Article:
Ohio’s Recent Graduate Problem

August 28, 2013

Of the many problems that the Great Recession created, one of the most significant was unemployment for new college graduates. While this issue has not been at the forefront of the economic recovery, its negative implications on high student debt in addition to long-term unemployment will prove to be a serious problem if not given attention. On August 15, Representatives John Rogers (D-OH) and Terry Blair (R-OH) of the Ohio state legislature introduced HB 246, which aims to give college graduates tax relief through credits for school-related expenses, while alleviating recent graduate unemployment through business tax incentives.

The first component of the proposal is to reduce burdens on college graduates by giving them income tax credits applicable to tuition, books, and equipment. Room and board expenses can be claimed as part of the credit if the tax filer is at least a part-time student.

The first portion of the incentive is only available to employed graduates, so there is an initial concern about how much good this will do for reducing unemployment. But perhaps more problematically, tax credits for tuition may be–and likely have been in the past–countered by institutions simply raising tuition prices. While current graduates would not be affected by this change (they’ve already paid the tuition and now get a tax break), future college students may be met with higher tuitions as the credit is capitalized into the price of their schooling. In that regard, income taxes would become non-neutral as soon as the policy was passed by favoring the latest class of recent graduates over future cohorts.

The second section of the bill allows Ohio businesses to deduct recent graduate hiring expenses from the Commercial Activities Tax (CAT), the state’s problematic gross receipts tax. A percentage of hiring costs involving any combination of wages, health insurance, and worker’s compensation premiums can be deduced from taxable gross receipts. The deduction is halved each year, starting at a 100 percent rate, for five years of the employee’s tenure. While this approach may be politically expedient and it would marginally reduce the amount of revenue raised from the CAT, it does not address the real issue–the CAT in its entirety is a poor revenue source. This tax needlessly creates tax pyramiding, which creates economic distortions and burdens producers and sellers, who later pass these burdens on to consumers in the form of higher prices on goods.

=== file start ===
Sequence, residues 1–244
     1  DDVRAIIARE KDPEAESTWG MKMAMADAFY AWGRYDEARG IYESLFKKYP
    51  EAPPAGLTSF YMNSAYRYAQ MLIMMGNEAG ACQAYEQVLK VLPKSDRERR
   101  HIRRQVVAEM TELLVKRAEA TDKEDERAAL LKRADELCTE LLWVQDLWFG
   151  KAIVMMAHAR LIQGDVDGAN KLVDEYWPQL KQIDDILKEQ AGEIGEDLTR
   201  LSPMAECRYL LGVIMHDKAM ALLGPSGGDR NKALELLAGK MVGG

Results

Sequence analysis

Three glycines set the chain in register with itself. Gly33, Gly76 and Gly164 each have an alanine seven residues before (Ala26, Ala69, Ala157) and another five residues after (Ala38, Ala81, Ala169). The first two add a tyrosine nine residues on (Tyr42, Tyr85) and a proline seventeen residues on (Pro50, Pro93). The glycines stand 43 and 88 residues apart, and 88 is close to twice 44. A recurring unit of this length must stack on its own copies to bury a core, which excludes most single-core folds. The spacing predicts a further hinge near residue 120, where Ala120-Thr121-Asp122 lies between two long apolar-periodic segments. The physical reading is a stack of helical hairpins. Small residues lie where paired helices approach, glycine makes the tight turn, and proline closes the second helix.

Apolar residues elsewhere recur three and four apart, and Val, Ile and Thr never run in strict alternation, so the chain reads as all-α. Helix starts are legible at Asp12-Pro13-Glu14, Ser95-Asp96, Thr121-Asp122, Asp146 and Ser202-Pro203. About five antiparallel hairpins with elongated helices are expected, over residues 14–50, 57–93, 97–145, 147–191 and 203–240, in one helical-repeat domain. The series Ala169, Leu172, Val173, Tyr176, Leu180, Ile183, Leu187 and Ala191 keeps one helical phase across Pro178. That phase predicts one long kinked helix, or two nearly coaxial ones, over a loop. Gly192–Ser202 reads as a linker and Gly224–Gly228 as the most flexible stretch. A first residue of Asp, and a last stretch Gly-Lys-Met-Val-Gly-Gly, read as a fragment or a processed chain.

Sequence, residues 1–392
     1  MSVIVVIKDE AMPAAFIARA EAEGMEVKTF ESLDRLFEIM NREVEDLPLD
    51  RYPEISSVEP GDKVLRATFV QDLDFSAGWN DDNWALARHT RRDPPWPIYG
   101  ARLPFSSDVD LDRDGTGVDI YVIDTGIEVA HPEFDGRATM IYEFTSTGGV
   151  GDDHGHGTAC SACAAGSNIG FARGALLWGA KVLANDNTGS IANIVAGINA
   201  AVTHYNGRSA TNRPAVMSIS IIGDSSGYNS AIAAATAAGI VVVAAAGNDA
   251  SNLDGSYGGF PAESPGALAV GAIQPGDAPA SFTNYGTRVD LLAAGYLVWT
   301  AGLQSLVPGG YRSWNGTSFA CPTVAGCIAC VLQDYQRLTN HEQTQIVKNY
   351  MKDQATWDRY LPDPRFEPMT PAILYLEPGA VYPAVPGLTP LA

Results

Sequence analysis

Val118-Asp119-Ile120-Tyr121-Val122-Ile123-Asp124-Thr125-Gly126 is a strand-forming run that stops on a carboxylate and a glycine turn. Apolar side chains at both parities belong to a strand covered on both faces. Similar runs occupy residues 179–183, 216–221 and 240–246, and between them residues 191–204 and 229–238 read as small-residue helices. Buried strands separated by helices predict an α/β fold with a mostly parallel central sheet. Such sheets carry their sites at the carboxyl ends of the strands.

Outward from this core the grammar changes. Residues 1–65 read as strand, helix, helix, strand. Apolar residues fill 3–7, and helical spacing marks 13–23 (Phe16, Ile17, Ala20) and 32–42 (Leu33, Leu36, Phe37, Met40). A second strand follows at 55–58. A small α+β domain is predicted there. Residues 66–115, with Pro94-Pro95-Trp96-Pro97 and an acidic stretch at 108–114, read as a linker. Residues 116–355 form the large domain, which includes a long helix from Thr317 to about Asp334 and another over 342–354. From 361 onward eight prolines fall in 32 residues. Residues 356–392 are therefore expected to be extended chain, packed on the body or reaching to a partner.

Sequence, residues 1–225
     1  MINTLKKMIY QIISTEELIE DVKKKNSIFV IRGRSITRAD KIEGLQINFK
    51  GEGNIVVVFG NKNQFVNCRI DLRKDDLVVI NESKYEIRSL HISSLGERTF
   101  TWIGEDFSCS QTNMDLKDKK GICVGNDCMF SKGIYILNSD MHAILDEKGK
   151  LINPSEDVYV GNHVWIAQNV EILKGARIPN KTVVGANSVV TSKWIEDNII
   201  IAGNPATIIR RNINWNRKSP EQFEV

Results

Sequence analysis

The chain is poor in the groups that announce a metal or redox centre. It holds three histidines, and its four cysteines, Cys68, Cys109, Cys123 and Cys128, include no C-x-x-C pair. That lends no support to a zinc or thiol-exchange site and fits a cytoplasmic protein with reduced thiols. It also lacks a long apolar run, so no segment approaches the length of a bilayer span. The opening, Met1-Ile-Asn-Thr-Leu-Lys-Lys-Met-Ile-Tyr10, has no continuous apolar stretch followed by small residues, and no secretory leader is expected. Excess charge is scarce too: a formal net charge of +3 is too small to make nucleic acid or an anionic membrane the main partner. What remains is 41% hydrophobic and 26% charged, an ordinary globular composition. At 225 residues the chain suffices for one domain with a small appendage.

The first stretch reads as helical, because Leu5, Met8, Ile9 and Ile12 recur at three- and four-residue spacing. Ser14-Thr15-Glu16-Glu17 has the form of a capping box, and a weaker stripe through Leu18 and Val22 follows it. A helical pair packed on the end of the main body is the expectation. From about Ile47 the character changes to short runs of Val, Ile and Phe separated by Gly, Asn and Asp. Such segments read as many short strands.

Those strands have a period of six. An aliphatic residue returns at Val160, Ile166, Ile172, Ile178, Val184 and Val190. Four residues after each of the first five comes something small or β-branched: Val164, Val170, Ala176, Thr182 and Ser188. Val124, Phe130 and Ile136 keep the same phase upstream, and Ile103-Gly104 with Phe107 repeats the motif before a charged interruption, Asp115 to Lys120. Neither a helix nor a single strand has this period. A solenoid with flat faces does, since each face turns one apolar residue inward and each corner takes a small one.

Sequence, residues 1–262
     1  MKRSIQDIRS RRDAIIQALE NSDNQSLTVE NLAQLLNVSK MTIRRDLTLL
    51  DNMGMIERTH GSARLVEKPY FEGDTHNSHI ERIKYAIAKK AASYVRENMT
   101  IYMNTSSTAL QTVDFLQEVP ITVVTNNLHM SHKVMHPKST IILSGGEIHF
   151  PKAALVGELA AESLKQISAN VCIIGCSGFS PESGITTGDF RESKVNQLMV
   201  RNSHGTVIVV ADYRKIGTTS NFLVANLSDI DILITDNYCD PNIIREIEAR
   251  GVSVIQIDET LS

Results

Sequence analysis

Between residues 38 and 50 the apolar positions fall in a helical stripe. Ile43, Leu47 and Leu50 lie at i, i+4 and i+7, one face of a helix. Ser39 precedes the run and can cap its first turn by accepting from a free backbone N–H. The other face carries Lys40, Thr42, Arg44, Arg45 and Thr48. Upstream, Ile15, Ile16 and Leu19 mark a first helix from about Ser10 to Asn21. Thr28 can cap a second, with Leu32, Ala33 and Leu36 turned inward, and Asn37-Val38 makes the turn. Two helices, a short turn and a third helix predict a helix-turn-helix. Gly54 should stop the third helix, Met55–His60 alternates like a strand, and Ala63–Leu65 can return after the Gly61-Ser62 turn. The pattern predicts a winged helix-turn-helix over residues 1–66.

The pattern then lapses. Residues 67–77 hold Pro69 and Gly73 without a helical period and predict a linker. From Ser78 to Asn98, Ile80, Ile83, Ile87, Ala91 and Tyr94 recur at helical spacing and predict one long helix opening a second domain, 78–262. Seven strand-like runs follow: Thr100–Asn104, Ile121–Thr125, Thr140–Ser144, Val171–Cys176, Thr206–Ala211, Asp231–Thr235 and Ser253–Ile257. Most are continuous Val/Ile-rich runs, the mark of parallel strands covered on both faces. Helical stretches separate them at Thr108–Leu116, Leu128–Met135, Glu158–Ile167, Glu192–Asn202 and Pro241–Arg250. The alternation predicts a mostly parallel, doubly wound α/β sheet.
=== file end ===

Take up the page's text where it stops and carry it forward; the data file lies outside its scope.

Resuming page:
Even if firms did hire recent graduates at a greater rate as a result of the policy, it is still unadvisable given the impact on tax neutrality. Instead of considering a diverse pool of applicants for positions, companies would zero in on those coming right out of college disproportionately to reap the benefits of the deductions. Hiring new college graduates is great, but only if it makes business sense; there’s no real economic reason why recent graduates deserve special treatment over other unemployed Ohioans.

The bottom line is that while Ohio’s intentions for its recent graduates may be good, the methods Representatives Rogers and Blair recommend complicate tax structure, narrow tax bases, and result in non-neutrality. Instead of adding additional sections to the tax code to solve recent graduate unemployment, Ohio may want to do away with the gross receipts tax in favor of a conventional and low corporate income tax rate to give businesses the means to hire more employees of all ages.

To read HB 246, click here.
For more on Ohio, click here.

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